Genicular Nerve Ablation

Genicular nerves are those nerves that travel from the spine to the knee, and can transmit the sensation of pain when the knee has been affected by degeneration.

A nerve ablation differs from a block in the sense that in this situation, a radiofrequency device is used to heat up the offending nerves that are causing knee pain. By disrupting the pathways in this manner, a more long-term solution to subsiding pain is achieved.

A patient will be numbed, relaxed or even put to sleep for this procedure. A needle is pushed, with the help of a fluoroscope, towards the target nerve that’s causing the pain. Once its’ placed, a thin electrode is passed through the needle and activated. This is where the ablation happens – the electrode heats the nerve, eliminating the nerve’s ability to transmit pain signals. This is repeated at 2 more nerve locations, for a total of 3 ablations.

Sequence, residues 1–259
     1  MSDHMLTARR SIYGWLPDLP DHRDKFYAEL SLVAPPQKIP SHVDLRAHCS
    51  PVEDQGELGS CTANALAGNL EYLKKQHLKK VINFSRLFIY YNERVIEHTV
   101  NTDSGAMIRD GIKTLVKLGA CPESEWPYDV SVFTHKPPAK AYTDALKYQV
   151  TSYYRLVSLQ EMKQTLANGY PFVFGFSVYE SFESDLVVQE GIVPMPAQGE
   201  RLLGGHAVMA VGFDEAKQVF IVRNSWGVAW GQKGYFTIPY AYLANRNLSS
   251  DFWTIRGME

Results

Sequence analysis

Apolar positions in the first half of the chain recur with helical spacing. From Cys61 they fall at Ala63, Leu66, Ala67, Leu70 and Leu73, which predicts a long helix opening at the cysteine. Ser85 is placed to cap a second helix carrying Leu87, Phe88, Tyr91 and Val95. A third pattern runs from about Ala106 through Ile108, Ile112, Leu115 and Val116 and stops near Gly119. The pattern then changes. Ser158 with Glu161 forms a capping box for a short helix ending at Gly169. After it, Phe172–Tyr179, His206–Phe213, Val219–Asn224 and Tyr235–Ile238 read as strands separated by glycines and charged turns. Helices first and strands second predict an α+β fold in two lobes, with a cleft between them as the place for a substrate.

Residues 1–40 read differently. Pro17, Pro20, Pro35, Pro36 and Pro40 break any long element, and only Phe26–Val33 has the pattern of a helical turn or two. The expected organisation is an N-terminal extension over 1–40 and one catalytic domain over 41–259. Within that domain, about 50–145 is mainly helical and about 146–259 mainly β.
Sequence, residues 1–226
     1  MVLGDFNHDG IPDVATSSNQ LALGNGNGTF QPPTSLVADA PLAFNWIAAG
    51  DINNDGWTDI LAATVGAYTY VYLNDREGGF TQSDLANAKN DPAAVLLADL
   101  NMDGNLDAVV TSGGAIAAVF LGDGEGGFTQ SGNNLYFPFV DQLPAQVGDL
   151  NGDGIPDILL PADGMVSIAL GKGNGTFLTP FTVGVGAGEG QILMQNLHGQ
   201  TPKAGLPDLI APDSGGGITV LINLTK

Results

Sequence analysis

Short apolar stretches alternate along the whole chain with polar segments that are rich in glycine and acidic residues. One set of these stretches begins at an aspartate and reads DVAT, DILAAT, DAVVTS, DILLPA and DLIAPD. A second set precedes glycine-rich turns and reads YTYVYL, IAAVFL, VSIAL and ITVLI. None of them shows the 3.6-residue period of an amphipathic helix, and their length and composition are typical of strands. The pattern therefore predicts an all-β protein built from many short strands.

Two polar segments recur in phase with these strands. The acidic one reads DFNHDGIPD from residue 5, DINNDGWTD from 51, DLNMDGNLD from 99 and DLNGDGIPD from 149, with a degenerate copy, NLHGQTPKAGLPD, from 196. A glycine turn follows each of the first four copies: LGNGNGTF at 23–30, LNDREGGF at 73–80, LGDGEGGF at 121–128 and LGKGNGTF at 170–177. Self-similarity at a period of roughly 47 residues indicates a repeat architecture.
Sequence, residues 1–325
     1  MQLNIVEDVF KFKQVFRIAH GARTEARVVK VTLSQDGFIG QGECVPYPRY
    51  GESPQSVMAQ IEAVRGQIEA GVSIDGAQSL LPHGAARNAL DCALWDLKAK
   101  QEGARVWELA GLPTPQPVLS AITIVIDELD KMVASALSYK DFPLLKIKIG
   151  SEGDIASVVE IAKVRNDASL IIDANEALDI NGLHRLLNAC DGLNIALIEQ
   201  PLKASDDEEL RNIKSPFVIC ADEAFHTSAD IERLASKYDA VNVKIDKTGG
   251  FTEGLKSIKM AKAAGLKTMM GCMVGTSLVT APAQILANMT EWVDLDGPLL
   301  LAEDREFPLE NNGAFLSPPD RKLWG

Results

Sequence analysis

When the procedure is complete and the patient wakes up, the entire leg may feel numb for a short while until the effects of the anesthesia wear off. They must stay in the building for a short while for some monitoring prior to heading home with a chaperone. The pain relief from the ablation should be immediately apparent, and last for several months.

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